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Stocks could face bumpy second half despite healthy gains

Stocks started the second half of 2014 with healthy gains, and while many analysts expect further advances, the trip higher won't be without challenges.

The S&P 500 was up 4.7 percent for the quarter, its best second-quarter performance since 2009. The S&P has risen in each of the last six quarters, the longest winning streak since the 14 quarterly gains from 1995 to 1998.

"We haven't seen the behavior that suggests a top," said Ari Wald, technical analyst with Oppenheimer Asset Management. "You are going to see pull backs. It's picking your spots, but I think this market can continue to do well."

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The S&P 500 is up 6.1 percent year-to-date, and is outpacing the Dow's 1.5 percent gain.

The second half comes with its own challenges. Analysts say the market may begin to respond to the idea that the Fed is going to raise interest rates, as its quantitative easing program comes to an end. The Fed has been slowing, or tapering its purchases of Treasury securities and mortgages, and that program should end before the end of the year.

"We had a little bit of a taper tantrum last year. I don't suspect it should be a big issue just from the sense they just seem to be on autopilot," said Bill Stone, chief investment strategist at PNC Wealth Management. "…I would suspect a little more indigestion, when the Fed is starting to think about starting to raise short-term rates."

There are also some concerns that inflation could pick up more than the Fed is predicting and force its hand on rate hikes sooner than expected in 2015.

Randy Frederick, managing director, active trading and derivatives at Charles Schwab, said he expects the second half of the year to be much like the first half. He said the market could see smooth sailing as long as there are no large flare ups on the geopolitical front in Ukraine or Iraq.

Ukraine President Poroshenko late Monday called off the ceasefire with pro-Russian separatists. Meanwhile, Iraq's parliament Tuesday is expected to convene to choose a speaker, as that country struggles with an insurgence by a Sunni militant group.

But U.S. politics should be fairly quiet. "Washington is essentially on cruise control until after the election. We're not going to get a whole lot from there that could trip us up," Frederick said.

The economy also could be a factor. While most strategists expect it to grow at a better pace in the second half, there are concerns it may not be as strong as expected. First quarter GDP contracted 2.9 percent, and the second quarter is expected to grow by about 3 percent.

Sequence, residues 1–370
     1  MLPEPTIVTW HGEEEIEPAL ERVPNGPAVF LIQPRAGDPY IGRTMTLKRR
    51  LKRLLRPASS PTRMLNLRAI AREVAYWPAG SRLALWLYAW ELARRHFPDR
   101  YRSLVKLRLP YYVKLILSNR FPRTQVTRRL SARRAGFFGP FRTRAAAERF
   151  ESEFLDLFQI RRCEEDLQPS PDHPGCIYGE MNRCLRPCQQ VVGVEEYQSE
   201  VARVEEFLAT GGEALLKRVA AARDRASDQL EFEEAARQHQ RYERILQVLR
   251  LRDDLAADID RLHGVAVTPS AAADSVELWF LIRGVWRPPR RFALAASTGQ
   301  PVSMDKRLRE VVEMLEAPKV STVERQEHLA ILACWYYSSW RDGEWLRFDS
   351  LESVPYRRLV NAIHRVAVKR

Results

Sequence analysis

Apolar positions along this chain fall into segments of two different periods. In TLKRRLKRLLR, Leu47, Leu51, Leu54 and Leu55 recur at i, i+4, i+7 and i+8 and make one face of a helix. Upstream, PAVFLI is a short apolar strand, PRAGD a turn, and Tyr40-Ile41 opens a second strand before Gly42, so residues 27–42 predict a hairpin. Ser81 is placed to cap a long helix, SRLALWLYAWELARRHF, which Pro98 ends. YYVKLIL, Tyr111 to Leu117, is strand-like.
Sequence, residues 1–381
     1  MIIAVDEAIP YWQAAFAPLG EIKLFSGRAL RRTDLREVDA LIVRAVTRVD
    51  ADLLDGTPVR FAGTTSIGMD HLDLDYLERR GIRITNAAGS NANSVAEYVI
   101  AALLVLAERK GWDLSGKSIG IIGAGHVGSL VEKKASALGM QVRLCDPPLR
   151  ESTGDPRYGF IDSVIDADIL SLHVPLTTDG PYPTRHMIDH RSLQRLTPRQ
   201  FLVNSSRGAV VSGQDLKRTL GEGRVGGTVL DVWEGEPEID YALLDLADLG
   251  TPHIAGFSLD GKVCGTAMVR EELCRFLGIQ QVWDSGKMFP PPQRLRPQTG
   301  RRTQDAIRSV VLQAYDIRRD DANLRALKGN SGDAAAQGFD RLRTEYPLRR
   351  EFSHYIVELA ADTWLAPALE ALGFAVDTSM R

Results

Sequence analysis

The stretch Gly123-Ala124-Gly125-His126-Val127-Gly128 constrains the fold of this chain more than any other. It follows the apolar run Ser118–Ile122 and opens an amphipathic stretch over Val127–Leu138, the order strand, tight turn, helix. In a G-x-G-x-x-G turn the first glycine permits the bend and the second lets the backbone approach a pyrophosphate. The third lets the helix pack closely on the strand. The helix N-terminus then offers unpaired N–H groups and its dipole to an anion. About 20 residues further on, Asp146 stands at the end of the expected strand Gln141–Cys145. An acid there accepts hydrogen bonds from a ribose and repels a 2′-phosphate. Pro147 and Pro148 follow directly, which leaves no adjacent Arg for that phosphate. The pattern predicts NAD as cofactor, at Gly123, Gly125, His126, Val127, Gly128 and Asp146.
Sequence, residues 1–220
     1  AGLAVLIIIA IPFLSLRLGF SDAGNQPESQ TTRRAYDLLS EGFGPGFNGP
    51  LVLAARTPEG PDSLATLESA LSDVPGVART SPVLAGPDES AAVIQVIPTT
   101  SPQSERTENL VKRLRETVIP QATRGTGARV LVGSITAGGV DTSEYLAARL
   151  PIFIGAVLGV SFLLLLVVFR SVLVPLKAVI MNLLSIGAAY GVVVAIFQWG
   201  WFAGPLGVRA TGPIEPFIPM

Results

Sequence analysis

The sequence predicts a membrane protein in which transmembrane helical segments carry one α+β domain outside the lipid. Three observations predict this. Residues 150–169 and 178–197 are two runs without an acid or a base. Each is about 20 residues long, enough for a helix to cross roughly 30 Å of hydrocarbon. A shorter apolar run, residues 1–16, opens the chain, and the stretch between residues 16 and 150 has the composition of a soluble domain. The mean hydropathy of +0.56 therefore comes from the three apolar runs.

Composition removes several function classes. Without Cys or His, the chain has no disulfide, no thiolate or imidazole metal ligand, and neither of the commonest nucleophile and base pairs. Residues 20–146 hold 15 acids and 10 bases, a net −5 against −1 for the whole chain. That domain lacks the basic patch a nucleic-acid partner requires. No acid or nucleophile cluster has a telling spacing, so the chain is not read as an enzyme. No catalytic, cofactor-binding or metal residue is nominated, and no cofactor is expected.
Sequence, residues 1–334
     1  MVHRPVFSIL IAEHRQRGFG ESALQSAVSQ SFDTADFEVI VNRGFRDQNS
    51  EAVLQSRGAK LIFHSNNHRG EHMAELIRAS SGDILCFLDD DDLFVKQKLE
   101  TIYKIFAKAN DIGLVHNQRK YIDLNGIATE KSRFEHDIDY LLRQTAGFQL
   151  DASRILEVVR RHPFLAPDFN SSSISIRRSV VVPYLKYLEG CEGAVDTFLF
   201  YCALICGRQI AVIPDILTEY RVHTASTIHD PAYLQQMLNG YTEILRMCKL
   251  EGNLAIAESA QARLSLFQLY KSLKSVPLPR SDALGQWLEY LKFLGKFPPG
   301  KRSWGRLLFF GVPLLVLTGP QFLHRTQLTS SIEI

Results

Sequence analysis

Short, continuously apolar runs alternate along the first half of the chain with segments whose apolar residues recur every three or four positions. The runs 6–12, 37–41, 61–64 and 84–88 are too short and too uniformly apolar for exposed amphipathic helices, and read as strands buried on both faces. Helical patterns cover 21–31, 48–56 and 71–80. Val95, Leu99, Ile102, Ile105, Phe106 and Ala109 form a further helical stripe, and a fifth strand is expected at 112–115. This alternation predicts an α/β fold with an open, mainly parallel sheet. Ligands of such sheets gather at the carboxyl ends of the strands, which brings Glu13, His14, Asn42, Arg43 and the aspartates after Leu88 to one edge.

"It will be about deciding which was real and which was the imposter when you look at economic growth in the first and second quarter. The market is believing the second quarter is the re real deal, and we would say the same thing," said Stone, though he said there is still a "sliver of doubt."

Pending home sales showed a strong improvement Monday, the latest piece of housing data to show a winter slump is reversing. The pending sales were at a four-year high.

"Many people seemed worried the housing sector softness seemed persistent, and we could be entering another weak period for the housing market," said Barclays chief U.S. economist Dean Maki. "The most recent data should ease fears that housing was going to be in a persistent downturn. At the same time, it's still a moderate housing recovery. Really nothing has changed."

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Maki expects to see an improvement in ISM manufacturing to 56, from 55.4, when it is released at 10 a.m. Tuesday.

"The regional surveys did pick up in June, and we also saw new orders picking up in the ISM in May and that suggests production should pick up in June," he said.

Maki expects to see vehicle sales Tuesday, falling slightly to an annualized selling rate of 16.3 million, from the unexpectedly strong 16.7 million in May. Construction spending is also reported at 10 a.m.

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The big data for the week, however, is the nonfarm payrolls for May, expected Thursday morning, ahead of the July Fourth holiday. Maki expects to see 250,000 jobs, above the 210,000 or so consensus.

"Every indicator we're looking at looks stronger in June than May," Maki.

He does expect growth to pick up and sees 2.5 percent GDP. "The first half has been weak. We think we'll be bouncing back as to what will be an above trend pace," he said.

—By CNBC's Patti Domm

  • Patti Domm

    Patti Domm is CNBC Executive Editor, News, responsible for news coverage of the markets and economy.

  • A CNBC reporter since 1990, Bob Pisani covers Wall Street from the floor of the New York Stock Exchange.

  • CNBC Senior Commodities Correspondent and Personal Finance Correspondent

  • JeeYeon Park is a writer for CNBC.com. Follow her on Twitter: @JeeYeonParkCNBC

  • Rick Santelli joined CNBC Business News as an on-air editor in 1999, reporting live from the floor of the Chicago Board of Trade.

  • Senior Producer at CNBC's Breaking News Desk.